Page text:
• vibrance – increase for more color pop.  At the extreme it will start to introduce a color shift and/or fringing so beware.
  • shadows – reducing shadows brings out a surprising amount of additional detail in your photo.  On portraits it removes shadows on the face (like under the eyes) which is usually quite flattering.
  • highlights – I generally reduce these, especially after brightening up the photo overall with shadow reduction.
  • sharpen – this makes the photo much more crisp.  It also introduces noise, the more you sharpen the more noise you get; noise reduction helps compensate for that.
  • The one adjustment I paid for, and I feel that it’s well worth it, is the Noise reduction filter.  That is always the last adjustment that I apply.

this week’s iOS related resources

tools of the trade

This week’s resources relate to putting together your UI in Interface Builder – Auto Layout, Adaptive Layout, Size Classes, Dynamic Text, and mastering the Interface Builder IDE.  Additionally, we touched on architectural design patterns (MVC, MVVM, etc.).  Finally, most of my students are starting to struggle with networking via the AFNetworking library, and using Objective-C libraries (although none of them know any Objective-C) in their Swift apps using bridge headers. Continue reading “this week’s iOS related resources”

Why I think my next (non-iPhone) camera will be a Fuji

fuji x100s

I currently shoot with a Canon 5D Mark I with a 50mm 1.2L (and occasionally a 35 mm 1.4L).  My other camera of choice and convenience is an iPhone 4S.  I’m actually frequently amazed at just how good shots I can get with such an old iPhone camera…I can’t wait to upgrade to the iPhone 6 plus, just for the photography capabilities.  The thing is, my photography style, when it comes to portraiture, is candid shots.  I’ll throw out photos where my subject notices the camera – usually their expression changes and it just isn’t natural.  The problem with that, and using the 5D, is that the mirror on the 5D is incredibly loud.  They do that by design – every camera manufacturer has a distinctive shutter sound, it’s part of what makes up the personality of the camera.  Loud shutter makes it hard to grab those candid shots, though.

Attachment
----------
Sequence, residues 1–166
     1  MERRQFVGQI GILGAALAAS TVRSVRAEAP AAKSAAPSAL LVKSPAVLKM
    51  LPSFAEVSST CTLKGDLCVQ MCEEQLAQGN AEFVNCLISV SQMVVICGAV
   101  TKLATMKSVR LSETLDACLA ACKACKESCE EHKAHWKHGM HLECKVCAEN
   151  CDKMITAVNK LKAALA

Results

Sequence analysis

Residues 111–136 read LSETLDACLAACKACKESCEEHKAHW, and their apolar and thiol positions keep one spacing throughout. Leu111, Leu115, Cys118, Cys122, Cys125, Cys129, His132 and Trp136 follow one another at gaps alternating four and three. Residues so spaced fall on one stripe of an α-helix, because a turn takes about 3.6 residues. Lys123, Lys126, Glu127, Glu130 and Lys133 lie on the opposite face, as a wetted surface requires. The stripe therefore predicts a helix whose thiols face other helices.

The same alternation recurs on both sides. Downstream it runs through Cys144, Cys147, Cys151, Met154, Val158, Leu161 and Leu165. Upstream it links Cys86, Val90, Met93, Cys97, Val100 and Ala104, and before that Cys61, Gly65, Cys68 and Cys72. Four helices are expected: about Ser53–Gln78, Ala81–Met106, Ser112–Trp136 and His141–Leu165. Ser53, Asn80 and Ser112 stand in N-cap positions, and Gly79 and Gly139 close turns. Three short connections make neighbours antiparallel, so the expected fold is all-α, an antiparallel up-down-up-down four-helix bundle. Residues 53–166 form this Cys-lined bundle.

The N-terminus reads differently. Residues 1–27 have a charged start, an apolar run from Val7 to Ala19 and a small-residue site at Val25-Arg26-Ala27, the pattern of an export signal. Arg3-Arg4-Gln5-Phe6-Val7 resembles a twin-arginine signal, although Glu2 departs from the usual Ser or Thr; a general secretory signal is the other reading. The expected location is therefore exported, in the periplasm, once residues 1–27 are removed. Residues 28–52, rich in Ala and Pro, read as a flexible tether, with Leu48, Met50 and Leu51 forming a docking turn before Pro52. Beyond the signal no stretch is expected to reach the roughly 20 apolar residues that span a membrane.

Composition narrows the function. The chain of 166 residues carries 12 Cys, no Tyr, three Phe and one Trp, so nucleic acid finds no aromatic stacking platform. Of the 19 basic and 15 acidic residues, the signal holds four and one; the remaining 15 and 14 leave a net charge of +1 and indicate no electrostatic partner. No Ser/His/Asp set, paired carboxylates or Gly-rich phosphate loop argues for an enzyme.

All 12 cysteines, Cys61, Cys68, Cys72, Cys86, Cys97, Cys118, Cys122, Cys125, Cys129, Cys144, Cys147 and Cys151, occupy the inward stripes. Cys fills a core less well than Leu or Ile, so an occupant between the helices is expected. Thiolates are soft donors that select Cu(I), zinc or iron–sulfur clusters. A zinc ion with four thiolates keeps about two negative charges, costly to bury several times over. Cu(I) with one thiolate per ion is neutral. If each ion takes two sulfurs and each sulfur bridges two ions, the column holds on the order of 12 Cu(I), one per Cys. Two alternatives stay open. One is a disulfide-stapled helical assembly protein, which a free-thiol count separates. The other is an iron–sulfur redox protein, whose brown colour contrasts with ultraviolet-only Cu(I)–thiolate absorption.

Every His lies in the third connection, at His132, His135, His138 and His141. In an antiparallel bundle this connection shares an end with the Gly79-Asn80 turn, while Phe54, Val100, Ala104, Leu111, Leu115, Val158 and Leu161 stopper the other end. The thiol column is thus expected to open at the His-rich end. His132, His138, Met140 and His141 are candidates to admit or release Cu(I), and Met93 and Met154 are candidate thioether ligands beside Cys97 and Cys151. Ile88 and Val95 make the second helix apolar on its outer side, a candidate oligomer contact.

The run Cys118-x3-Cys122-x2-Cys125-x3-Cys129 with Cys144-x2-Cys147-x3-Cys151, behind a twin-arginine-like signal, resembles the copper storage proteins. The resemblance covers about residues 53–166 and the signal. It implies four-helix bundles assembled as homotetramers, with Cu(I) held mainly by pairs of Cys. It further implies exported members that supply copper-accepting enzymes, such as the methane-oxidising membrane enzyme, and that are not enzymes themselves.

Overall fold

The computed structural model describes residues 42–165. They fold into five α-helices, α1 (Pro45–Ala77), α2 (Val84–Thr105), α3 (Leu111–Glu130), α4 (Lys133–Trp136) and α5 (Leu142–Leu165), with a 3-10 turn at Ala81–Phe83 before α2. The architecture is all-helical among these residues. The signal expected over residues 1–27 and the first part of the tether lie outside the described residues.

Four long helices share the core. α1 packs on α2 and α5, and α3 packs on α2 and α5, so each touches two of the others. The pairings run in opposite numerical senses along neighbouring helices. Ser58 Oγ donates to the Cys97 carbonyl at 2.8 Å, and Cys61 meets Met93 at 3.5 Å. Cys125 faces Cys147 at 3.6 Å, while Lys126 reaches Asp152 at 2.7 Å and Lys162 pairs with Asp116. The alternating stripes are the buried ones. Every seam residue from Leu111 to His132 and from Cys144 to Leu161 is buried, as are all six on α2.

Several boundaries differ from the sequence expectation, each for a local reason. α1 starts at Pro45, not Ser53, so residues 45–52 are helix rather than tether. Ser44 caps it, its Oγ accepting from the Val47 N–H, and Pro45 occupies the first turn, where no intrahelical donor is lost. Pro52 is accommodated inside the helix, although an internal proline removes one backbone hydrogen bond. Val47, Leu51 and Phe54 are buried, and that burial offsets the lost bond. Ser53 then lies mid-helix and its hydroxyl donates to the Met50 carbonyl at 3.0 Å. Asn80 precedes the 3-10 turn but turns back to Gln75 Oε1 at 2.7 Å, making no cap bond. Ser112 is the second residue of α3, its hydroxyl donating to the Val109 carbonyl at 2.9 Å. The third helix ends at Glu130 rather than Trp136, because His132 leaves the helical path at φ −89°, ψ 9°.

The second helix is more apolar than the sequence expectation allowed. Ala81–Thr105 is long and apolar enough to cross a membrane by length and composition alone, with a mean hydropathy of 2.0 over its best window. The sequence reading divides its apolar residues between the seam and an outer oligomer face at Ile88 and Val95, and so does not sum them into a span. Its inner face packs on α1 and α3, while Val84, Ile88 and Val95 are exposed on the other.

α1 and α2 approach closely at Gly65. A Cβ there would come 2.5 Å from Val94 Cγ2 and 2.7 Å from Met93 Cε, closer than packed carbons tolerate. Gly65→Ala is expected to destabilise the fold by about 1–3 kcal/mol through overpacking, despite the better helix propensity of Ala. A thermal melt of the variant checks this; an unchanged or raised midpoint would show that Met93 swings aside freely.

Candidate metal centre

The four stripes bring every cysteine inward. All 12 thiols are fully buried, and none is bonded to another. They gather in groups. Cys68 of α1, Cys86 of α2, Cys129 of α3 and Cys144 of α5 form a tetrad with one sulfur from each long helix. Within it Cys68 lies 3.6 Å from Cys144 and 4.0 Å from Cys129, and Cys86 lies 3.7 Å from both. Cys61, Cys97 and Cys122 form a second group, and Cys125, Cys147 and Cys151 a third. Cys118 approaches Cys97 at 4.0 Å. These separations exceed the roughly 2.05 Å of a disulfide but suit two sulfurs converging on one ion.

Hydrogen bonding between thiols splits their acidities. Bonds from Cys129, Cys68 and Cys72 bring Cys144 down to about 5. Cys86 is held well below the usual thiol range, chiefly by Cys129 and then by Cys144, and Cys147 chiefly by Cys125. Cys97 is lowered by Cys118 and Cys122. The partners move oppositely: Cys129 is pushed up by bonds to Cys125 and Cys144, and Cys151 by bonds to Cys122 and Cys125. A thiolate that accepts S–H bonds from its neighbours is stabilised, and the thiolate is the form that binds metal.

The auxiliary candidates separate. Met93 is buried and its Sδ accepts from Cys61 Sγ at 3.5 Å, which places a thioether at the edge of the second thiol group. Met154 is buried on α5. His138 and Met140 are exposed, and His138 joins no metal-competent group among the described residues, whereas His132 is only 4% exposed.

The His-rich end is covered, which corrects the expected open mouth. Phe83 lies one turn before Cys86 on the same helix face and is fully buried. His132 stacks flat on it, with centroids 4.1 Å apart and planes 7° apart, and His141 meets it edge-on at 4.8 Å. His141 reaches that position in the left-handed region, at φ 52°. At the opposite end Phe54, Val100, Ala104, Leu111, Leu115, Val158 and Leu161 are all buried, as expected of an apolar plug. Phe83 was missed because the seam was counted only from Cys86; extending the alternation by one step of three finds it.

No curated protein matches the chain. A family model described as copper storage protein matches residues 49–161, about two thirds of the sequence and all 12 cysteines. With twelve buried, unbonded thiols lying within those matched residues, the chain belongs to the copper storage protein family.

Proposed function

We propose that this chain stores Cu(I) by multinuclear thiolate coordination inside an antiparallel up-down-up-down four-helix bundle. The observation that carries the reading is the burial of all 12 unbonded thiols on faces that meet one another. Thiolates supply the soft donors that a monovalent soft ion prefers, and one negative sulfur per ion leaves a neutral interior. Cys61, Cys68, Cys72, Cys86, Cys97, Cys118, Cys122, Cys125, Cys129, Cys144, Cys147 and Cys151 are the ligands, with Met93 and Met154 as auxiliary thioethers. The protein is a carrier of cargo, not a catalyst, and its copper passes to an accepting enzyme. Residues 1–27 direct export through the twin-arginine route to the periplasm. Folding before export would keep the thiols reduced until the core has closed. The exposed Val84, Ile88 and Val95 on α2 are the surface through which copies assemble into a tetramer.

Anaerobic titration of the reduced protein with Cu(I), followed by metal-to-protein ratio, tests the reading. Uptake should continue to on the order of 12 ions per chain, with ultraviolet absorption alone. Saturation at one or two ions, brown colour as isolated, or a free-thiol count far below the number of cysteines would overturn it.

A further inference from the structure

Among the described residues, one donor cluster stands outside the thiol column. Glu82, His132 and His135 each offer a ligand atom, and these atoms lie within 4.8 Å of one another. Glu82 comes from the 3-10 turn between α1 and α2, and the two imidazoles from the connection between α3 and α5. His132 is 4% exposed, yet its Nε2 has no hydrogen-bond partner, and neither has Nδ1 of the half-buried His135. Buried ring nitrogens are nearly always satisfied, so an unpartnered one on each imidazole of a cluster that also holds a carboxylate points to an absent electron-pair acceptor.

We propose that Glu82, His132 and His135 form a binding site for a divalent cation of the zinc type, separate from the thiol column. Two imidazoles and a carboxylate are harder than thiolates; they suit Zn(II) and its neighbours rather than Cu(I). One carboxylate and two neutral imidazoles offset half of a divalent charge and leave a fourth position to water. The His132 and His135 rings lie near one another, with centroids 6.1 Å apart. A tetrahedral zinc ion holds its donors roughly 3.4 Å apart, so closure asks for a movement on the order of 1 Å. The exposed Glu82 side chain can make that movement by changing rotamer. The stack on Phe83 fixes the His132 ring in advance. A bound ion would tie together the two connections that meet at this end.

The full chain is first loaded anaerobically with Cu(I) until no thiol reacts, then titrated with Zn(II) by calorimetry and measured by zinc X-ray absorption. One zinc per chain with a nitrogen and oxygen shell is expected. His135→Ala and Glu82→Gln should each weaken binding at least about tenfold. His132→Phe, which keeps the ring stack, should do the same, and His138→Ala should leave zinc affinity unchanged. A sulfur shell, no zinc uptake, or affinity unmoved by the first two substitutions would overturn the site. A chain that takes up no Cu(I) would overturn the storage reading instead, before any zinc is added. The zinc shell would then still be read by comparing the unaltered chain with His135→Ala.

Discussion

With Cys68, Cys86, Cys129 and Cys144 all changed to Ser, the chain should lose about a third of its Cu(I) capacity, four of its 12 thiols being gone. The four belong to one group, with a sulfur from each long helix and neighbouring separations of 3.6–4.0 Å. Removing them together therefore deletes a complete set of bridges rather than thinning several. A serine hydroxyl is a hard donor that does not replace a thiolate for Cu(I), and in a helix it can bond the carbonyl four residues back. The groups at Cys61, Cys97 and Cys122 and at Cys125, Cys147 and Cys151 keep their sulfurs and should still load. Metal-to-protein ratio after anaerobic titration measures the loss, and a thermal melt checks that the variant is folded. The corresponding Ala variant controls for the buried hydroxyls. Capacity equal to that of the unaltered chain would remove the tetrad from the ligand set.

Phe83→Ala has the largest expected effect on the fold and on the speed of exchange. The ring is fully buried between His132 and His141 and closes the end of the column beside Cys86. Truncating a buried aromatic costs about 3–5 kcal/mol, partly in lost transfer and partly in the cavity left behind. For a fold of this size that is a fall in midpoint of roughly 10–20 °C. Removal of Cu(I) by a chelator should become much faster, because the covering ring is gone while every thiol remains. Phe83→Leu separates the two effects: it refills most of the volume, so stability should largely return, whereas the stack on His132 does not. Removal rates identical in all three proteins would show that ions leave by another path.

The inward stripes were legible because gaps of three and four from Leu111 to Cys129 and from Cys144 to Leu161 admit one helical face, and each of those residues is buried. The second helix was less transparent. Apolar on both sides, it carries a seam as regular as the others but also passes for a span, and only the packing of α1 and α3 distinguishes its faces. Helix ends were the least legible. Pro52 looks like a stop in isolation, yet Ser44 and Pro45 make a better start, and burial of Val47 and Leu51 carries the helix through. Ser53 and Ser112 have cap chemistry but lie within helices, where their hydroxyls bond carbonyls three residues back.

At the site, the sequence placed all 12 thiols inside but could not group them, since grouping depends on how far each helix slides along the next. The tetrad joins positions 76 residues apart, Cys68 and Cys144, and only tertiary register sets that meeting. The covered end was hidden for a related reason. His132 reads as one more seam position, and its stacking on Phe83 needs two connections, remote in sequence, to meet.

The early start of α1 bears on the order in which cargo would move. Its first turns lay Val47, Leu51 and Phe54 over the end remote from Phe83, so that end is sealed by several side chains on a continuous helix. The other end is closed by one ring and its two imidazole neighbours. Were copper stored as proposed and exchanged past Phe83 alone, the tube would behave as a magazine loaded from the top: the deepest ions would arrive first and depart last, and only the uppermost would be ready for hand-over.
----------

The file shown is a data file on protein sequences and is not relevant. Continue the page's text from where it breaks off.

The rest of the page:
Not only is the X100s quiet, but it has a tilt-able viewfinder, which makes it possible to take off the hip shots and still see what you are shooting.  With the Canon 5D I have to shoot blind for those – the Mark I doesn’t have live view.  And while iPhone can be muted to make no sound at all, and it has a big LCD viewfinder, for some reason I feel really conspicuous pointing a phone at somebody.

Not to mention the size and weight difference between the Canon and the Fujifilm cameras is huge.

Here are the original articles that got me interested in the Fujifilm cameras:

In-Depth: The New Fujifilm X100s

FujiFilm X100S Test Drive in Istanbul with Zack Arias

And here are some recent ones.  Thierry Nguyen’s portraits are awesome.

One Year After switching to Fuji

Fuji X-T1 – Why does it get more use than my Canon 5d3?

a different approach

Apple UX: Continuity

so microsoft’s strategy has been, ‘one OS for ALL devices’

Apple’s strategy is, ‘one, seamless, continuous experience across ALL devices’.

It might sound like a subtle difference at first glance, but it’s a universe of a difference.  Microsoft demands the user make the same OS work no matter what device you’re on, so we find folks griping about a touch interface on a non-touchscreen device etc.

The Apple user might start writing an email on his/her iPhone, then sit down at a computer and finish it there – the half composed email is magically there.  The UX fits the device, and there is continuity of the task itself.